Each morning is a surprise, because Hunt Slonem never knows which bunny will hop into his studio.

Figuratively speaking, of course.

The bunnies emerge as he paints them on small wooden surfaces.

“Not all of them are small,” Slonem says. “Some of them are very large. Not many, but some.”

Painting bunnies is the artist’s warm-up exercises, which are now the subject of the book, “Bunnies,” released on March 15 by Glitterati Inc. The coffee-table book features 256 pages of Slonem’s paintings, accompanied by a author John Berendt’s foreword and Bruce Helander’s text.

Slonem will sign copies of his book from 5:30 p.m. to 7:30 p.m. Tuesday, May 20, at the Louisiana Art & Science Museum, which is featuring a small exhibit of his bunny paintings and other work.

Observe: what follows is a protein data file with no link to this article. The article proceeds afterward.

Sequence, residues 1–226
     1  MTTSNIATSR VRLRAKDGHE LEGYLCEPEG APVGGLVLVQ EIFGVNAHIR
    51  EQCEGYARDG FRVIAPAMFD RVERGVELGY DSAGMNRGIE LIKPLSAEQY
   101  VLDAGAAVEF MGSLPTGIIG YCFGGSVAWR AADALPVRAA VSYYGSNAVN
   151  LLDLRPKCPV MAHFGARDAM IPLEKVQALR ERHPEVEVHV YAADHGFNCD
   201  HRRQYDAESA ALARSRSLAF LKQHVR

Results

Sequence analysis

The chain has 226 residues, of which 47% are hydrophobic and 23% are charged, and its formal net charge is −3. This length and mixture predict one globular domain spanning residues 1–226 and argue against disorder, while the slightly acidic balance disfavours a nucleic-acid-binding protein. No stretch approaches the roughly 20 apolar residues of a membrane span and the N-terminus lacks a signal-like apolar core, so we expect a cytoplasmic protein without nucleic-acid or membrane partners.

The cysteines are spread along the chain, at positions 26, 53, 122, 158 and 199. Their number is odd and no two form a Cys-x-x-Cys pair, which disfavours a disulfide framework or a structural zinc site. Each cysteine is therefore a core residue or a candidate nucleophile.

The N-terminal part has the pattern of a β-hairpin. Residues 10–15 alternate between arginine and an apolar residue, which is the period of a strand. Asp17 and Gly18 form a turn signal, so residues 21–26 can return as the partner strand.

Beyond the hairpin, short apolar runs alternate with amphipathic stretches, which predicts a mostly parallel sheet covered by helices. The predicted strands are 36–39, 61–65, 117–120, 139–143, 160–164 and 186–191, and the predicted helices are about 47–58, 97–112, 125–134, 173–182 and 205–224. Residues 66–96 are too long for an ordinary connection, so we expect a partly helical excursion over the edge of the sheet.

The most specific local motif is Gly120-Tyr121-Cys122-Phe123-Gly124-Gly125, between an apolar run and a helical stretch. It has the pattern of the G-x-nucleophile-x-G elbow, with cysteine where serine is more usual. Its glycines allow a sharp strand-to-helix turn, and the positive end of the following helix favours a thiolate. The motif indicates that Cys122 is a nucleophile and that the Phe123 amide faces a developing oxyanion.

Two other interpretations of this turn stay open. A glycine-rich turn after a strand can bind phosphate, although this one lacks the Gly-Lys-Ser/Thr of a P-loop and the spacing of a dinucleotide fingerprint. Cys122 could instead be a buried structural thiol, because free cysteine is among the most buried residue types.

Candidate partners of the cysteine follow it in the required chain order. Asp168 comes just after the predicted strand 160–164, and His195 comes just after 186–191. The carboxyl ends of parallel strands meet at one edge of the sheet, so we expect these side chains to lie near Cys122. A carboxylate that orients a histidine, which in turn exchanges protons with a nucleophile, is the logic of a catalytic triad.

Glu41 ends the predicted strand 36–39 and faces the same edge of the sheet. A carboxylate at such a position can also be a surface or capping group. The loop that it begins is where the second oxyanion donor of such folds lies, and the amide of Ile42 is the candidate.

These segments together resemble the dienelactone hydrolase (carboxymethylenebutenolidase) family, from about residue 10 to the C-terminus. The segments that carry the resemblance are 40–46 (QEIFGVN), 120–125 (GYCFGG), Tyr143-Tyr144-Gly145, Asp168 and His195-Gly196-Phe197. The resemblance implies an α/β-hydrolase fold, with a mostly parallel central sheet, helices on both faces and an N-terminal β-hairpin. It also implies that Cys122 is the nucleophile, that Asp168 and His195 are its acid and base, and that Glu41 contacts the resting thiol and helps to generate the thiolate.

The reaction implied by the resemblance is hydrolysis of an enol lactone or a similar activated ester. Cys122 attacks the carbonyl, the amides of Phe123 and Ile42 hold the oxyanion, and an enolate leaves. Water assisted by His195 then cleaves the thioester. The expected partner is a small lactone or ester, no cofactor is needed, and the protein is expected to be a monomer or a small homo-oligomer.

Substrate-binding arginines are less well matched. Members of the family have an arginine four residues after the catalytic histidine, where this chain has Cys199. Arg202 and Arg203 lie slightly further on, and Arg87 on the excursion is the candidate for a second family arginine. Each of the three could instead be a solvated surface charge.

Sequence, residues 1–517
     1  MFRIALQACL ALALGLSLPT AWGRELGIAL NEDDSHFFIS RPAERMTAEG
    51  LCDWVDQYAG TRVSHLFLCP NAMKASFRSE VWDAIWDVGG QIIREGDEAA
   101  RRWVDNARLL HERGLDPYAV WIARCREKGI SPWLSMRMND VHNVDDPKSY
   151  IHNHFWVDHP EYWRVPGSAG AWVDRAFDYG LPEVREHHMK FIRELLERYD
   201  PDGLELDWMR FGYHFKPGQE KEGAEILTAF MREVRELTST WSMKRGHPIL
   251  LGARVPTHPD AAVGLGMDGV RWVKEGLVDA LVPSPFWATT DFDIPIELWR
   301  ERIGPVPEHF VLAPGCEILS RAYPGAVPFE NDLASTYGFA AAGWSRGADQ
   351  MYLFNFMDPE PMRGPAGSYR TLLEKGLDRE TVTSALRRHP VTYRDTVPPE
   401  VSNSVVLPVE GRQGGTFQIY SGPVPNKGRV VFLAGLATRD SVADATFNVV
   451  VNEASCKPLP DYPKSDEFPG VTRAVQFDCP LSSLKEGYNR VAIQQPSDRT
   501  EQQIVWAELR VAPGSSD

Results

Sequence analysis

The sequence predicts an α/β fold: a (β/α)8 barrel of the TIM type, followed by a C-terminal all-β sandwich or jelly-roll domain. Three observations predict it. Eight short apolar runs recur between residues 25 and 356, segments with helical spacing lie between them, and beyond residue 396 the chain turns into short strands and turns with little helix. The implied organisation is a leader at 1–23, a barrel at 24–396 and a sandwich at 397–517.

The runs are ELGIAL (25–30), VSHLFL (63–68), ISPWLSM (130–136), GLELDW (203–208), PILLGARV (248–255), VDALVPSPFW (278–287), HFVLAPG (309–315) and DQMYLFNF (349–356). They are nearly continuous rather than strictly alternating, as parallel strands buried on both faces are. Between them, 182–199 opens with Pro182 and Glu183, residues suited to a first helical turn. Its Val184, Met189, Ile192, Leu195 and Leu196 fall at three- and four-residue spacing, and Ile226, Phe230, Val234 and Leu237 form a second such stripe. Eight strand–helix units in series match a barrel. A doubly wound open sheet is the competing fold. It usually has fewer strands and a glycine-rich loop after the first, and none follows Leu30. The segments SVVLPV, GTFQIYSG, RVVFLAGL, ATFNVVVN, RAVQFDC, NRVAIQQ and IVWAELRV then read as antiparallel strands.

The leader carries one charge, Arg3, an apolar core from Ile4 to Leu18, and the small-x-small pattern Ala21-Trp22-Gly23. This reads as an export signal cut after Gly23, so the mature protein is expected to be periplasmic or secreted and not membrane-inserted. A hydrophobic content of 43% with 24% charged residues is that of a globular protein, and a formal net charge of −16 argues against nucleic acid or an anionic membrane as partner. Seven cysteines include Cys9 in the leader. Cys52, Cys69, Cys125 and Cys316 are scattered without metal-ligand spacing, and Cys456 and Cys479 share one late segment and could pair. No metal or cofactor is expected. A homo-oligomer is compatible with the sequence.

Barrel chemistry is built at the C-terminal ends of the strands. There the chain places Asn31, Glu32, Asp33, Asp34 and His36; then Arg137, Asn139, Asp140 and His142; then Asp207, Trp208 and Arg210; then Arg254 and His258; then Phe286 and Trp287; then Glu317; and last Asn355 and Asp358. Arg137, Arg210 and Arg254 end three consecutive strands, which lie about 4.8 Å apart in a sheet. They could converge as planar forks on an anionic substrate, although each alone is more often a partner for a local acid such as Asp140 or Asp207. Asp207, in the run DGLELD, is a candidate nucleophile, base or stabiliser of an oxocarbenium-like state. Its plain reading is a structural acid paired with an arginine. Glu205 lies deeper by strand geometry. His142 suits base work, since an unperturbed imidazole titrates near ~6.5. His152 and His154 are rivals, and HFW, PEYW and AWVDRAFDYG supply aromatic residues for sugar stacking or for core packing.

“We call this his Bunny Wall,” says curator Elizabeth Weinstein. “We’re excited to be able to do this — this museum has always had a good relationship with Hunt Slonem.”

The paintings are hung in the small, intimate space beneath the stairway connecting the museum’s main downstairs and upstairs galleries.

They hang in a cluster, just like they do in Slonem’s New York and Louisiana residents.

Each bunny has its own personality.

“And I can’t wait to see what kind of personality is going to emerge when I’m painting them,” Slonem says. “It’s always a surprise, and I love surprises.”

Slonem’s bunnies currently are featured in other exhibits throughout the country, the biggest being the Children’s Museum of Indianapolis.

And though Slonem travels a lot, he’s very much at home in Louisiana. He earned his bachelor of arts degree from Tulane University in New Orleans in 1973, and later returned and purchased two historically important Louisiana plantations — Albania Plantation on Bayou Teche in St. Mary Parish and Lakeside Plantation in Batchelor.